The precise cause of SAD is unknown, and factors may vary from person to person. However, there are some explanations for why certain people experience this condition.

A risk factor for developing SAD could be due to geographical location. Those who live in countries that do not have a lot of sunlight are more at risk of developing SAD than those who live in countries with more sunlight.

This will usually be countries that are furthest away from the equator, such as Canada and Iceland for instance. These countries tend to have longer hours of darkness during the winter months and longer days of sunlight during the summer. These inconsistencies in the seasons may be a strong cause for the onset of SAD.

Similarly, reduced levels of sunlight in winter can disrupt the body’s internal biological clock, which regulates hormones, sleep, and mood. This can result in more depressed feelings.

Serotonin is a hormone that works as a neurotransmitter in the brain. It plays a key role in mood and is associated with mood disorders.

Reduced sunlight can cause a decrease in serotonin being produced in the brain. If there is not enough serotonin circulating in the brain, this can lead to lower moods and fatigue.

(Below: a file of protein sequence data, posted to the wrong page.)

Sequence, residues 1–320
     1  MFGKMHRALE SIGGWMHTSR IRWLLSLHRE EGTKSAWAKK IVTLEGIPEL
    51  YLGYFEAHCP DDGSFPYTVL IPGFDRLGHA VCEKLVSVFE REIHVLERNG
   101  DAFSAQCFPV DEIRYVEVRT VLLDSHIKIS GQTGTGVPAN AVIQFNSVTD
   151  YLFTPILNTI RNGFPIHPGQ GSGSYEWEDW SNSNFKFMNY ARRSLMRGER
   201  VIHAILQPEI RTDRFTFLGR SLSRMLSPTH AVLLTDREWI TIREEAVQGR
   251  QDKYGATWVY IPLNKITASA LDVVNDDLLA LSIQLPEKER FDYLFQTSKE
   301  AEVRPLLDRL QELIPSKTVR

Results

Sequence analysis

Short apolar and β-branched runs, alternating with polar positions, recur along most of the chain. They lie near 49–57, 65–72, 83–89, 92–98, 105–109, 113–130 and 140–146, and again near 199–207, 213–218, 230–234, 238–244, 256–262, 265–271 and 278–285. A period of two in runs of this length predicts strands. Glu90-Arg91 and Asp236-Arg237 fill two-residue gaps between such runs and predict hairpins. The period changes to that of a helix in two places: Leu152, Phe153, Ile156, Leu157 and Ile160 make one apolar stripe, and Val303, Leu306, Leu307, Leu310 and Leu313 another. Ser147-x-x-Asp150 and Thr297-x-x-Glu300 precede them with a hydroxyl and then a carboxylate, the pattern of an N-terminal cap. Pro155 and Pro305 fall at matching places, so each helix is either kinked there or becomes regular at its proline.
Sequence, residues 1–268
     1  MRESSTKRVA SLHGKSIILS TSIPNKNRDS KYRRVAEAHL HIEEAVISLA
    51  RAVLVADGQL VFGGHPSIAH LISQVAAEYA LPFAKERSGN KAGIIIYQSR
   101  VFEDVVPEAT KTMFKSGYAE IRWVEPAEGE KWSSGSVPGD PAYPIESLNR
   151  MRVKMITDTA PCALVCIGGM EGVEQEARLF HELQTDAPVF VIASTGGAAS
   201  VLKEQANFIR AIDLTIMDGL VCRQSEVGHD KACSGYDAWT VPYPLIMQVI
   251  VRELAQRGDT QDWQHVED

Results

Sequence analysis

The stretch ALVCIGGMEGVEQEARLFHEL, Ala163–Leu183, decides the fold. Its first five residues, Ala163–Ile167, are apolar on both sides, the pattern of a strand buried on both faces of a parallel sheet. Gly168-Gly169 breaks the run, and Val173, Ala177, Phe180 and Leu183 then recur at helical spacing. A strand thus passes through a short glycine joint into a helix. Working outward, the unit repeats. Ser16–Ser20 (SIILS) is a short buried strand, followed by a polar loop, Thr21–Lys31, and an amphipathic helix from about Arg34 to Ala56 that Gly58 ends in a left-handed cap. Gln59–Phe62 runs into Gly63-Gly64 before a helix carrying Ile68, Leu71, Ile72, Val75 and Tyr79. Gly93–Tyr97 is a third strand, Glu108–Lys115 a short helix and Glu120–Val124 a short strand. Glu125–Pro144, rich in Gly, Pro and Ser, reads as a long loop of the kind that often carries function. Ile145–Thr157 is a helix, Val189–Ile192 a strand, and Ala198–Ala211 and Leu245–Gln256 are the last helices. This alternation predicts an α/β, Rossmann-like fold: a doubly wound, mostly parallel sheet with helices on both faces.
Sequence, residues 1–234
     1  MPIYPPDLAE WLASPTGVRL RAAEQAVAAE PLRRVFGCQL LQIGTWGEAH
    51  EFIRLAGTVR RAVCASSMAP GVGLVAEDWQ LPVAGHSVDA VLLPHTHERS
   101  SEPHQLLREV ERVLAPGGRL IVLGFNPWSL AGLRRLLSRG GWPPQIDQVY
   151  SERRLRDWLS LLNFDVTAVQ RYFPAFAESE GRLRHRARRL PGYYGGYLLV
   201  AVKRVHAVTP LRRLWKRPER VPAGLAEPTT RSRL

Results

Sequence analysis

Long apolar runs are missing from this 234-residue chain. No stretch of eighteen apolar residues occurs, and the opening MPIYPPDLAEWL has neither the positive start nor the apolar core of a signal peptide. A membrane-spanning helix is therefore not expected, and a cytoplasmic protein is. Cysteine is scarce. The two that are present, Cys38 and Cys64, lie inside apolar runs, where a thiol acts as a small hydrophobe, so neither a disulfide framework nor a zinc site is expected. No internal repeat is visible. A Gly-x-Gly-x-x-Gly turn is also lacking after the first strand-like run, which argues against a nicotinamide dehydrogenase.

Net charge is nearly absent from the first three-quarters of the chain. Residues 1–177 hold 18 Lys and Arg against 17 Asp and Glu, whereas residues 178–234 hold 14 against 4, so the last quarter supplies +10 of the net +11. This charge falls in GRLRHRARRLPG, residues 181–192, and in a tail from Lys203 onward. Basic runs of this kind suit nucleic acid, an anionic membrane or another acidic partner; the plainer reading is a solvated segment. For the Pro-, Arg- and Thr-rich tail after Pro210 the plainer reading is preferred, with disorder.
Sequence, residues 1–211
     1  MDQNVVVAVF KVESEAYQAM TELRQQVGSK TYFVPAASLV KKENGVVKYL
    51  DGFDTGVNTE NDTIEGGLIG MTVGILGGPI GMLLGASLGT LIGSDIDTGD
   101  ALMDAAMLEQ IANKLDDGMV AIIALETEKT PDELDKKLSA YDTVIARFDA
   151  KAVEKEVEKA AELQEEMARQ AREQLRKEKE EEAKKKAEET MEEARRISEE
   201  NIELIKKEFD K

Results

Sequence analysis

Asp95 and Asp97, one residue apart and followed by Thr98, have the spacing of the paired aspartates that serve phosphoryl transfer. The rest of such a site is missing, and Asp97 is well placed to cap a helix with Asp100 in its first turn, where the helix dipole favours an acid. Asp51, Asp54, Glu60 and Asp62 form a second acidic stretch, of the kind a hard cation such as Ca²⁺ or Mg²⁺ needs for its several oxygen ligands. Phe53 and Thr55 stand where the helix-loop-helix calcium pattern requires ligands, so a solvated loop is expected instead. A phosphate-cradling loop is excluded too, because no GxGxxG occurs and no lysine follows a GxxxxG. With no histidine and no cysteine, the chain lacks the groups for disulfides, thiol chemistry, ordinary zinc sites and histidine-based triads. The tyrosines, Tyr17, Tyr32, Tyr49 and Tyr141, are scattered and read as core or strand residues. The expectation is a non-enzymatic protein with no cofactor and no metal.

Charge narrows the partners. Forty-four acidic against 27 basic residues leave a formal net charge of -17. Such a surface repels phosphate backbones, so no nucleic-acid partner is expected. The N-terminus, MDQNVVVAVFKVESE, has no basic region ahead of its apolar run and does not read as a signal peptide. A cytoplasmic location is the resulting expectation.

Another hormone is melatonin which plays an important role in mood and sleep patterns. Changes in the seasons can disrupt the balance of the body’s levels of melatonin and thus can cause feelings of sadness and sleep problems.

A study in 2014 investigated some of the characteristics that may be associated with individuals with SAD. It was found that females were significantly more likely than men to experience SAD, which tends to be a common finding for this condition.

Likewise, the researchers found that those who score higher on the neuroticism scale (a personality trait characterized by negative affects such as anxiety, irritability, and emotional instability) for personality were more likely to report symptoms of SAD (Oginska and Oginska-Bruchal, 2014).


The Diagnostic Statistical Manual of Mental Disorders (DSM-IV) describes SAD as not a separate condition from depression but as a type of this – major depressive disorder with seasonal patterns.

SAD is mainly characterized by a seasonal pattern of depressive recurrences over the years.

To meet the criteria of SAD, depression should only be present at a specific time of the year.

For most people, this is usually in the late fall or early winter months but can be at the end of spring or the start of summer in rarer cases.

An individual should demonstrate at least two episodes of depressive disturbance in the previous two years.

Seasonal episodes of depression should also substantially outnumber nonseasonal episodes of depression. Meaning that the depression should be seasonally specific as depressed episodes experienced all year round would probably qualify for major depressive disorder on its own rather than SAD.